Some say that while ghosts can upset you, they can't actually harm you, regardless of what horror films would have us believe. However, there are those who believe in deadly paranormal encounters, from cursed objects that trap their owners in misfortune to mysterious deaths attributed to hauntings.
A creepy tale from a Thailand village blames the death of 10 men on a ghost who can only be warded away with an item of clothing, while an American town has embraced a legendary beast who appeared numerous times shortly before a horrific disaster. Other encounters with ghosts resulted in death when flippant naysayers ignored ancient warnings, while another ghost managed to contact the living to solve her own murder.
We're sure there's a logical explanation for all of this, but perhaps you'd like to turn off the lights and decide for yourself.
Villagers in Tha Sawang, Thailand, claimed in 2013 that a ghost was responsible for the deaths of 10 men. The men had all been perfectly healthy before they suddenly died. A medium told them the men were killed by a vengeful apparition known as the Widow Ghost who was attracted to homes with only one son.
To get her to stay away, the medium advised hanging a red shirt outside the home.
This old ghost story hails from Pulaski County, Kentucky, and the cursed grave of Carl Pruitt.
Pruitt returned to his home in 1938 to find his wife in bed with another man. He strangled her to death with a chain, then he killed himself. The man he caught her with ran away as Pruitt was strangling his wife. Pruitt was buried apart from his wife in a completely different cemetery. Over time, people began to notice his grave growing discolored, making the impression of a chain.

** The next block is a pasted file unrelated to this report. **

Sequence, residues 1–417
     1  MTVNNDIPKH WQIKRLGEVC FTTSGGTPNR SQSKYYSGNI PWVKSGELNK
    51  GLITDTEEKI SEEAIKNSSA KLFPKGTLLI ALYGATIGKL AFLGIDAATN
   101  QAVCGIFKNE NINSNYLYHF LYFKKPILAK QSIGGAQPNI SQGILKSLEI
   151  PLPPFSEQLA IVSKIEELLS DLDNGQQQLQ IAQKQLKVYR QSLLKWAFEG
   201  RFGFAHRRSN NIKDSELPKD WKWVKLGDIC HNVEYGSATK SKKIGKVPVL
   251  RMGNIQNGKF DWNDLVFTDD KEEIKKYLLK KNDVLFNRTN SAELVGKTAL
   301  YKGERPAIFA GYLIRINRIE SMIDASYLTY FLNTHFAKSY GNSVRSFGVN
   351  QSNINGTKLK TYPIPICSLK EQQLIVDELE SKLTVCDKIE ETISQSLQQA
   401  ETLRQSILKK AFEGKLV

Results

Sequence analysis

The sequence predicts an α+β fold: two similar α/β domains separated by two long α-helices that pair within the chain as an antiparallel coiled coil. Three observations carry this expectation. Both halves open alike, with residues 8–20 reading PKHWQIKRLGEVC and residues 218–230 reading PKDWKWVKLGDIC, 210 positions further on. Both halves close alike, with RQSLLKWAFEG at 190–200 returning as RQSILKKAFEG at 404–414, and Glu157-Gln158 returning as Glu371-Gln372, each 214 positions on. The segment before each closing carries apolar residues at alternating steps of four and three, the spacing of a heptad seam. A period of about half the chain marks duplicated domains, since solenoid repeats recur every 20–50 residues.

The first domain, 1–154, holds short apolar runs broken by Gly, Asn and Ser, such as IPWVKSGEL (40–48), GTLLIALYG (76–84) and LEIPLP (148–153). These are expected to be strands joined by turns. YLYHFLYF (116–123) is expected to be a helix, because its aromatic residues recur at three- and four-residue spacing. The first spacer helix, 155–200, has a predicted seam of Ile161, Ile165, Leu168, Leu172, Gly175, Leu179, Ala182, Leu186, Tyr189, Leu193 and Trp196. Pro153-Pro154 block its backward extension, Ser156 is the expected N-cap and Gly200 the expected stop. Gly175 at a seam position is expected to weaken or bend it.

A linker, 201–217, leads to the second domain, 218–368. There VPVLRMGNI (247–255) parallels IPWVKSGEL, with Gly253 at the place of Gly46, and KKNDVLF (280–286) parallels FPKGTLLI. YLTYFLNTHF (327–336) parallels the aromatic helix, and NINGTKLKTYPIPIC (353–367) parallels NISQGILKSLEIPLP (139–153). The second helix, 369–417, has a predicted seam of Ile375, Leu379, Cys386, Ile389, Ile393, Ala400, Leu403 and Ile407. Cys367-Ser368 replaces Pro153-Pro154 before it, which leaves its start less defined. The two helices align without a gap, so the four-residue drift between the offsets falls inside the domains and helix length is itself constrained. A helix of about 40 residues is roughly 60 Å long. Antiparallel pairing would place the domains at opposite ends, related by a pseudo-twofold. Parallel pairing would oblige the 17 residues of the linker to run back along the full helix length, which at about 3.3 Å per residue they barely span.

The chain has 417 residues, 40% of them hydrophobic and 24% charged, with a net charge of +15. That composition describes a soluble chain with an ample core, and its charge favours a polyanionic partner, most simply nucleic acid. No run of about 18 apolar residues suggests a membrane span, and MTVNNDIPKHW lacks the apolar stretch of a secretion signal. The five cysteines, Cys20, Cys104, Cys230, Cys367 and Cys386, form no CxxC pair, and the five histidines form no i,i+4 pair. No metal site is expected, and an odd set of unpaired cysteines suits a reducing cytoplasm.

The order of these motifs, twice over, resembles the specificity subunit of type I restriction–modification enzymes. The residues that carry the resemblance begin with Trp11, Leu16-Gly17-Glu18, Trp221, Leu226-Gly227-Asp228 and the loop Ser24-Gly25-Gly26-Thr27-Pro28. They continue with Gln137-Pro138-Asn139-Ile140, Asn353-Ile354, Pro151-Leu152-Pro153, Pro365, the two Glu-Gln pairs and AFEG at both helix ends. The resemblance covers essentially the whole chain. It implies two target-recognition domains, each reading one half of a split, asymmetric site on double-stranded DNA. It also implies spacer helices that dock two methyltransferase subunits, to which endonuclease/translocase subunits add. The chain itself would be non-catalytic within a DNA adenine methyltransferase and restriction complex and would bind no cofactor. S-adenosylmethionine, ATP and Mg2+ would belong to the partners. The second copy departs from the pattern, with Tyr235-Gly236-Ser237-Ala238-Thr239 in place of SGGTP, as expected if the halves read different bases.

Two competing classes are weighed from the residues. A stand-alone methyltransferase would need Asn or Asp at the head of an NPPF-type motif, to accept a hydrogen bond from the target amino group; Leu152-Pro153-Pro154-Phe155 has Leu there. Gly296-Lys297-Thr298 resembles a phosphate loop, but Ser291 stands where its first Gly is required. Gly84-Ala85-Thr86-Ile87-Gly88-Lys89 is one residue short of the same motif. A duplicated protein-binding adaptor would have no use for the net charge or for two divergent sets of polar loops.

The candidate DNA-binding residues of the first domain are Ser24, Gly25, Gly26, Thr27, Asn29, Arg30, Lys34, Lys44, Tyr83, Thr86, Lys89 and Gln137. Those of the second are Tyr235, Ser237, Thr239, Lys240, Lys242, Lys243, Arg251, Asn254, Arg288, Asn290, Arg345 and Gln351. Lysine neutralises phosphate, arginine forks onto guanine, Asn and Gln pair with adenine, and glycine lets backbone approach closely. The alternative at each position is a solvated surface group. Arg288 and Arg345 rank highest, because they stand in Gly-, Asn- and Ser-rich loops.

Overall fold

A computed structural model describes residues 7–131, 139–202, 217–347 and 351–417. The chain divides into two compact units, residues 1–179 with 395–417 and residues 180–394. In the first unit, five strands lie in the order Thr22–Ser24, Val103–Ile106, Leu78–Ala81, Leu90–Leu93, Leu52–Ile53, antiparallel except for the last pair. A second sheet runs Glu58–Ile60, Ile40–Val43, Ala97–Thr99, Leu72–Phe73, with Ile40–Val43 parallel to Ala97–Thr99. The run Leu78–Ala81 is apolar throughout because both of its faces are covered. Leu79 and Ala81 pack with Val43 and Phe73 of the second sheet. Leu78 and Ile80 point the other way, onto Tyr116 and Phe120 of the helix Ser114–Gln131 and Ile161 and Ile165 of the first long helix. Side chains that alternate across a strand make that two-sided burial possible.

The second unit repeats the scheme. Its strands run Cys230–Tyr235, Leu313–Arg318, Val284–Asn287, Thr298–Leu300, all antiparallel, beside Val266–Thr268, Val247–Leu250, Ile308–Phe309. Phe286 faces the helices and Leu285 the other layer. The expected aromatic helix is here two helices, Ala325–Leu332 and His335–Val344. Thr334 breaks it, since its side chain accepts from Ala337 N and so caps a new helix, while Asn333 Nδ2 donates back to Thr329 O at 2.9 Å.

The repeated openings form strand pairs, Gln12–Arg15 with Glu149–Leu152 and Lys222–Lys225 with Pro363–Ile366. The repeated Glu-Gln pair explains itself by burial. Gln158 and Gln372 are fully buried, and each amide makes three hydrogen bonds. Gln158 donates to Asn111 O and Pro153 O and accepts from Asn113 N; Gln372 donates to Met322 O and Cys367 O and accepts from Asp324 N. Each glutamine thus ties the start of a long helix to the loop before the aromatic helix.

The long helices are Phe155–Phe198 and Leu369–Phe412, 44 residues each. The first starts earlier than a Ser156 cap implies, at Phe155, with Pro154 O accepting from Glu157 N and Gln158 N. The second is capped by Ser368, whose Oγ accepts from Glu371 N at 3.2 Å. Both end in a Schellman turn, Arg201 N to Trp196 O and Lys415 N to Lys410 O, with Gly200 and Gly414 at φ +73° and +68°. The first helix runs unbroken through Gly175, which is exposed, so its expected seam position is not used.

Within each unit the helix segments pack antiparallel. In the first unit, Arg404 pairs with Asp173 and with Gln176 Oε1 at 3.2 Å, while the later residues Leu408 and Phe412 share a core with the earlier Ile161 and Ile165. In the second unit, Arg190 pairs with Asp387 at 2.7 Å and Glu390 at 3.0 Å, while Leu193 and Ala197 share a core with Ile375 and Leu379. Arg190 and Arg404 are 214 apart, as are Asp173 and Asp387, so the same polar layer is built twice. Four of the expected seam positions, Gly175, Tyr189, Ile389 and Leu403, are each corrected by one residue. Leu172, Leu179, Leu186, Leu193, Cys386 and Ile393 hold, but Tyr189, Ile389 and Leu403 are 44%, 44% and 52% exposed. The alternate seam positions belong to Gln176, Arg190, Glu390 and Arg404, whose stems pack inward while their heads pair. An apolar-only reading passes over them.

One day, a group of boys came across Pruitt's odd grave. One of them tossed a rock at the grave and damaged it. On his way home, his bicycle chain snapped, wrapped around his neck, and strangled him. The boy's mother later damaged the tombstone with an ax, only to be strangled with a clothesline that came loose while she was hanging laundry. The legend doesn't end there, but continues with two police officers and another man who were also weirdly strangled by various objects after visiting the cursed grave.
If you were particularly bad while incarcerated at Alcatraz, they might put you in the Hole. The cells in the Hole were lit with one dull bulb and contained no furniture. Prisoners lived there alone, mostly on bread and water, with a full meal only every three days.
One inmate was locked in the Hole and began to scream that he was not alone but in the company of a beast with glowing eyes. His cries were ignored and eventually, they stopped. In the morning, they found he had been strangled. While some assume a guard did it to put an end to the screaming, others believe that the inmate was killed by a ghost rumored to haunt the jail. Some guards said they saw the recently deceased inmates appear for a routine count, only to vanish moments later.
John Bell and his family settled in Robertson County, Tennessee, in the 1800s. Bell claimed to see a dog with the head of a rabbit and the Bell kids claimed that some spirit was pulling their bedding away at night while rats chewed at the beds themselves. The family claimed to hear a woman's voice singing and reciting sermons and hymns. Even General Andrew Jackson visited the house, only to encounter some kind of spirit that temporarily stalled his horses.
The ghost tormented Bell's youngest daughter until she broke off her engagement with a man the ghost did not fancy, and the ghost was ultimately blamed for Bell's declining health and subsequent death via a poison that was discovered in the home's cabinets.
Nowadays, people like to blame the Bell Witch (a name reportedly given to the entity by Jackson) for various paranormal phenomena in the area, such as unexplained voices and lights.